Hurricane Dorian sideswiped the US Carolinas with shrieking winds, tornadoes and sideways rain on Thursday as it closed in for a possible direct hit on the dangerously exposed Outer Banks islands.
At least four deaths in the Southeast were blamed on the storm.
Twisters spun off by Dorian peeled away roofs and flipped trailers, and more than 250,000 homes and businesses were left without power as the hurricane pushed north along the coastline, its winds weakening after sunset to 100 mph (160 kph).
Trees and power lines littered flooded streets in Charleston's historic downtown.
Gusts had topped 80 mph (129 kph) in some areas.
North Carolina's Outer Banks, a thin line of islands that stick out from the US coast like a boxer's chin, braced for a hit late on Thursday or early on Friday.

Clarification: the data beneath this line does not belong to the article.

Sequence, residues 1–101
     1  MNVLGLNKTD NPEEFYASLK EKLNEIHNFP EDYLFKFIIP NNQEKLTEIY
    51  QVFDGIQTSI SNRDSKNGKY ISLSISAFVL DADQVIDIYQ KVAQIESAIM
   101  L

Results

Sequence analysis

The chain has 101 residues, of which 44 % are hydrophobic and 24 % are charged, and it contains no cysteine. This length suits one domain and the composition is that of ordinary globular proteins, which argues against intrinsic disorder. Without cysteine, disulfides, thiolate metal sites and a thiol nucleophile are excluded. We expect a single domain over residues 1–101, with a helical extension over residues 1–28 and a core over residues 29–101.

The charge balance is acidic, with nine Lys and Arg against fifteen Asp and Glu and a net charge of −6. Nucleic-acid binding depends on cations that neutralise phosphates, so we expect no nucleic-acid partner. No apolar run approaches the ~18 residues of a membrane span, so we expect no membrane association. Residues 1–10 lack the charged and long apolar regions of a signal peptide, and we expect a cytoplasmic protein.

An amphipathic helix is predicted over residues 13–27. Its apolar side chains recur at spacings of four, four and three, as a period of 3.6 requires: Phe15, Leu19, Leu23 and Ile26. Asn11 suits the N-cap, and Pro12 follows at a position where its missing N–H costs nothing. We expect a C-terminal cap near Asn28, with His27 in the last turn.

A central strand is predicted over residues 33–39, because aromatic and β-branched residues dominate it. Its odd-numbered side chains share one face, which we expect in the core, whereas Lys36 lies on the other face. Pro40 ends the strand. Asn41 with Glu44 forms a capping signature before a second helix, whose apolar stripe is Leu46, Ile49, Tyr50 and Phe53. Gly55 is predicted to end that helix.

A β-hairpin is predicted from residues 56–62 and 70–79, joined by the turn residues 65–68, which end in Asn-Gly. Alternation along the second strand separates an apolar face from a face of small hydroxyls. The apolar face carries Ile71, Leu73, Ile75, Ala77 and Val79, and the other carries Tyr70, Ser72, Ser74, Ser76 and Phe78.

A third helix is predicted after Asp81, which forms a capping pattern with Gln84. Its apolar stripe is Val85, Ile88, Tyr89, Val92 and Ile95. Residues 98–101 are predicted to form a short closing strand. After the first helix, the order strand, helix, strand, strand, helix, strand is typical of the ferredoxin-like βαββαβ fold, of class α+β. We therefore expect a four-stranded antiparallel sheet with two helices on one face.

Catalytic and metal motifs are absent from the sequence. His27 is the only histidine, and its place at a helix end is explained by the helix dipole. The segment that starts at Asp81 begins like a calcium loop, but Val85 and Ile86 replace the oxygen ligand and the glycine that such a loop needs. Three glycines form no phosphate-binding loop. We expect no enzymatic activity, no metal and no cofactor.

To the north, Virginia was also in harm's way, and a round of evacuations was ordered there.
The damage from the same storm that mauled the Bahamas was mercifully light in many parts of South Carolina and Georgia as well, and by mid-afternoon many of the 1.5 million people who had been told to evacuate in three states were allowed to return.
But overnight winds will cause trees and branches to fall on power lines, and debris could block repair crews from accessing damaged lines, said Mike Burnette senior vice president of Electric Cooperatives, a North Carolina utility provider.
Customers should prepare for prolonged power outages, he said.
"We have a long night ahead of us. Everyone needs to stay in a safe place and off the roads until the storm passes," North Carolina Governor Roy Cooper said.
After leaving at least 30 people dead when it slammed the Bahamas with 185 mph (295 kph) winds, Dorian swept past Florida at a relatively safe distance, grazed Georgia, and then hugged the South Carolina-North Carolina coastline.